Photo credit: John Small
Love letters to Congress
  

Health insurance lobbyists and Big Pharma lobbyists have billions of dollars to spend on diluting or killing health care reform legislation in Congress.

But millions of Americans have millions of personal stories of pain and heartache with a broken health care system that’s a disgrace to the United States, massively costly for little comparative return and, worse of all, literally kills people.

Yesterday, grassroots union leaders came to Washington, D.C., to deliver nearly 50,000 letters from people asking—pleading—their senators to listen to their stories and pass health care reform that’s affordable, includes a public option, doesn’t force working families to pay more than we are already, holds insurance corporations accountable and requires employers to pay their fair share.

The action is part of a massive push by the union movement around health care reform and included yesterday’s National Call-in Day for Health Care Reform and personal visits to lawmakers.

Here are a few samples of what people wrote to Congress. So, will Congress read these letters? Or will they pocket the campaign cash from Big Pharma and Big Health Insurance and turn their backs on America? (H/t to my AFL-CIO blogger colleague Mike Hall for compiling these excerpts.)

From Delaware, Cathy writes Rep. Mike Castle (R-Del.):

I am without health care at this time and can’t afford my meds. I have high blood pressure, high cholesterol and uncontrolled diabetes. If this bill passes, I will get access to the medicine I need to save my life. Please support a strong public option.

Roy in Fargo, N.D., tells Sen. Kent Conrad (D-N.D.), who voted against a public option in the Senate Finance Committee, that he has health insurance but still cannot afford health care.

I have over $10,000 in medical bills, and something needs to be done. I voted for you to represent my views. Please support public option.

"I voted for you to represent my views." What a unique thought.

Here’s one from Margaret in Newark, Del., who doesn’t mince words in her letter to Sen. Tom Carper (D-Del.), another one who voted against a public option in the Senate Finance Committee last week:

Health care is too expensive. Some of us have no health insurance or Medicare. Fix the health care bill now. It should include a strong public option and ensure that employers provide coverage to their employees or pay into a pot.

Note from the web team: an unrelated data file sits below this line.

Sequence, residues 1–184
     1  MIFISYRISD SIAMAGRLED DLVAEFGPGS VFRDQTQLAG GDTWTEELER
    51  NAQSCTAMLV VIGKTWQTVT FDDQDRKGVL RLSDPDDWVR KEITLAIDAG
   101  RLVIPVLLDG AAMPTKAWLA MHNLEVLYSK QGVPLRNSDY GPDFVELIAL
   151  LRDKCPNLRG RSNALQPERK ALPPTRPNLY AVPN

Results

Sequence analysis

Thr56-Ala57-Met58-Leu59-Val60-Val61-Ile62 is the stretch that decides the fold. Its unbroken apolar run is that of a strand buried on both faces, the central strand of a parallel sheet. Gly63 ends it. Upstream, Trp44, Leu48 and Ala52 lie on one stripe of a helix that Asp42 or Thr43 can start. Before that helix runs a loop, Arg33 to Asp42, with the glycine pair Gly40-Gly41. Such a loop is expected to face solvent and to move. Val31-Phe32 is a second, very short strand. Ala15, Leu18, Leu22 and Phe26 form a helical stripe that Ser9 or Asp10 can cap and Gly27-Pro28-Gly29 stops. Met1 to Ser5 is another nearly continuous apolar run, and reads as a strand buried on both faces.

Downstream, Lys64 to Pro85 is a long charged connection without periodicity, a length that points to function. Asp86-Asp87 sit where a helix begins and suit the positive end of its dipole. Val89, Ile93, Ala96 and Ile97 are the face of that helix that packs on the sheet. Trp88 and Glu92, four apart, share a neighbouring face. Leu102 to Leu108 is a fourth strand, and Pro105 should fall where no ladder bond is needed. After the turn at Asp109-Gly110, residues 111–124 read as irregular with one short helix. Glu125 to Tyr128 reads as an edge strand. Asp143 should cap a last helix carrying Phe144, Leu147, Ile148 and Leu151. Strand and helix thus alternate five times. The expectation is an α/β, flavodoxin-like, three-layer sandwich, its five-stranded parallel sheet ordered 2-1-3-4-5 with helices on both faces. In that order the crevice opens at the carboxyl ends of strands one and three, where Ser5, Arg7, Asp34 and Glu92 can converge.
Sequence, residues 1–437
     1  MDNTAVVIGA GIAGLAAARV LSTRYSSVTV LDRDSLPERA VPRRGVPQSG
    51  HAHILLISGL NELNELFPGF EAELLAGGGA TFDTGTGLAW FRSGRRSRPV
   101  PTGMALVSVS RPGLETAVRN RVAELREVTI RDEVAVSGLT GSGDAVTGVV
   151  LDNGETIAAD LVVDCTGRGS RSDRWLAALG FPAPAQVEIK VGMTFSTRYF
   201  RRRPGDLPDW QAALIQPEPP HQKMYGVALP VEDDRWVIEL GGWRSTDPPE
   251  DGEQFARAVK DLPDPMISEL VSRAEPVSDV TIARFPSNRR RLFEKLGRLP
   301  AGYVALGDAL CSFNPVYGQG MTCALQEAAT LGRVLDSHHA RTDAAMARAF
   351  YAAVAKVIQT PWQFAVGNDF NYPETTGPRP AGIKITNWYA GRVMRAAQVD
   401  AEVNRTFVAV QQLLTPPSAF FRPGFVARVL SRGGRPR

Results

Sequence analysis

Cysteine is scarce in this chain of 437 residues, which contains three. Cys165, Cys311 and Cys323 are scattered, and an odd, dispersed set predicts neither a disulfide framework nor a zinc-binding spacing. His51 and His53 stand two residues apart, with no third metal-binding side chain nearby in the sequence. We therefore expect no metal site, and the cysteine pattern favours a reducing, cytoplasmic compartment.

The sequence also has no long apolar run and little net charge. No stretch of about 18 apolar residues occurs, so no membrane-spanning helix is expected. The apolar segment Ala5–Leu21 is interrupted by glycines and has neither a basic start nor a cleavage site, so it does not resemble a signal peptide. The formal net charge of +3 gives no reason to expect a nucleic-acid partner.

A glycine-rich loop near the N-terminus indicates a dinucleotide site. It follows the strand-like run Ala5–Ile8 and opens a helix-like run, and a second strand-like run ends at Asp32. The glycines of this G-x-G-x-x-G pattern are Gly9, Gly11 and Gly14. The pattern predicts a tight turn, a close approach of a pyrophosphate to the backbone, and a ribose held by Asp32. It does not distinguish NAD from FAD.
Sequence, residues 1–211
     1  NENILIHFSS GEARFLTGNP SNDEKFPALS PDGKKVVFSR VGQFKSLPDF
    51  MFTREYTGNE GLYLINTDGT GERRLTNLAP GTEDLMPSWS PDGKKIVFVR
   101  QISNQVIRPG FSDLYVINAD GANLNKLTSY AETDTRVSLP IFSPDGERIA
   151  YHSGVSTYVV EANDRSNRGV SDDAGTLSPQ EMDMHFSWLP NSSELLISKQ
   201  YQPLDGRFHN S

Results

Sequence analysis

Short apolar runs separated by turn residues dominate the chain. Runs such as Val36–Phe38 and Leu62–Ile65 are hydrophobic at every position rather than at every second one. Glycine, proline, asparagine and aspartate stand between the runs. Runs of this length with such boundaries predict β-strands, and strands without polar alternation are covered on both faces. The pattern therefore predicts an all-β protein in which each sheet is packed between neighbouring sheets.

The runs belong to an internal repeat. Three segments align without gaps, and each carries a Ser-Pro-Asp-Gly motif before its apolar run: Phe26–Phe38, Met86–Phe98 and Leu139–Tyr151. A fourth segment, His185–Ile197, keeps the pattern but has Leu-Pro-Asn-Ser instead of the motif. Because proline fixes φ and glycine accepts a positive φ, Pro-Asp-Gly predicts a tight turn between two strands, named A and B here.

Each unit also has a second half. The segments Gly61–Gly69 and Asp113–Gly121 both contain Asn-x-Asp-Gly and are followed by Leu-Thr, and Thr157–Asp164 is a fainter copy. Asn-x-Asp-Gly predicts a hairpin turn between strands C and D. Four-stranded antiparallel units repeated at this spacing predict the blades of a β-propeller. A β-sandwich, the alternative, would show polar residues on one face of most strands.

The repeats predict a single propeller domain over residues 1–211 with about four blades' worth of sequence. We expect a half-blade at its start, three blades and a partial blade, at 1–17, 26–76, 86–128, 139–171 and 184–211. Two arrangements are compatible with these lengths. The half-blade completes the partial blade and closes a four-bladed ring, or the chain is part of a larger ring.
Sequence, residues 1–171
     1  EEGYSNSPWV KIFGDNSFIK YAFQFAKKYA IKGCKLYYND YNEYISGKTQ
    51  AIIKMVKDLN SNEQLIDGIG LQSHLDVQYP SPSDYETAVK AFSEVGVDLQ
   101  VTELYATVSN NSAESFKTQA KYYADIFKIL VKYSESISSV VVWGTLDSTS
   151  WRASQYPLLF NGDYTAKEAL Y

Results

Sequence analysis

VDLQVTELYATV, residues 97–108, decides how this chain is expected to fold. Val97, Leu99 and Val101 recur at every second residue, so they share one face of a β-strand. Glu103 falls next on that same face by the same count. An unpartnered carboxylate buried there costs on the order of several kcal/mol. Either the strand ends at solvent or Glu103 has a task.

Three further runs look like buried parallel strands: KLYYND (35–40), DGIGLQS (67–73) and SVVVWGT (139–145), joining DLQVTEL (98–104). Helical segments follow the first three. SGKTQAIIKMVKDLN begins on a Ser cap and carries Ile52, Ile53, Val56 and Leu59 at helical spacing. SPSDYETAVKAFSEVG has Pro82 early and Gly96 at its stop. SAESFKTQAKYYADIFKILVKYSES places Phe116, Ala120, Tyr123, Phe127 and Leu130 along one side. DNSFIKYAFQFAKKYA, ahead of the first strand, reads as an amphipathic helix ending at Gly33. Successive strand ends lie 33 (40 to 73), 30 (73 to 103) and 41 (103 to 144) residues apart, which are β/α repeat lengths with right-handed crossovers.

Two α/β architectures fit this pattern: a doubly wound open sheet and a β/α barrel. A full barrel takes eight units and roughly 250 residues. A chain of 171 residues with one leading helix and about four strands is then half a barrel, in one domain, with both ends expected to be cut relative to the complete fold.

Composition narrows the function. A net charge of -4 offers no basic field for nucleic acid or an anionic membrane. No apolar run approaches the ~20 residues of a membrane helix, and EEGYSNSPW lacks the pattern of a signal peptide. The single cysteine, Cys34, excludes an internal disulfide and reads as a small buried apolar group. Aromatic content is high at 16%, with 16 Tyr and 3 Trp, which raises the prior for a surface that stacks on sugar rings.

Jonathan from Maple Falls, Wyo., tells Senate Finance Committee Chairman Max Baucus (D-Mont.), who supports taxing health care premiums—and who voted against a public option—that he is opposed to having his health care benefits taxed.

I am the sole source of income for a family of five, and, quite frankly, this proposed tax would cut into my grocery and housing money….I have a family of five, a 30-year mortgage, car, insurance costs, etc. You do the math!

Mmm. Is basic math a requirement for the Senate?

In Omaha, Pamela writes to Sen. Ben Nelson (D-Neb.) that she recently had appendix surgery and her health care provider only covered $50 out of $17,672.

I am a production employee…and have been paying into my health plan for over two years and feel this is completely ludicrous.

Let’s see. A health care provider that puts $50 toward a nearly $18,000 surgery is paying 0.2829 percent of the bill. Note to provider: Maybe next time pay only $25—that way, you might be able to guarantee the CEO a bigger bonus. 

Charles in Arlington, Wash., says that when he voted for Barack Obama and Sen. Maria Cantwell (D-Wash.), "I voted for change" and that includes health care reform.

We need, and the people have expressed their desire for, real health care reform. This means including the most important aspect of health care reform,  providing the American citizens with a public option. This is the ONLY way we can be sure that the health insurance companies in these United States will deal with their clients in an honest and fair fashion.

Charles voted for change in November. And so did the majority of voters.

Hello, Congress? Can you hear us now?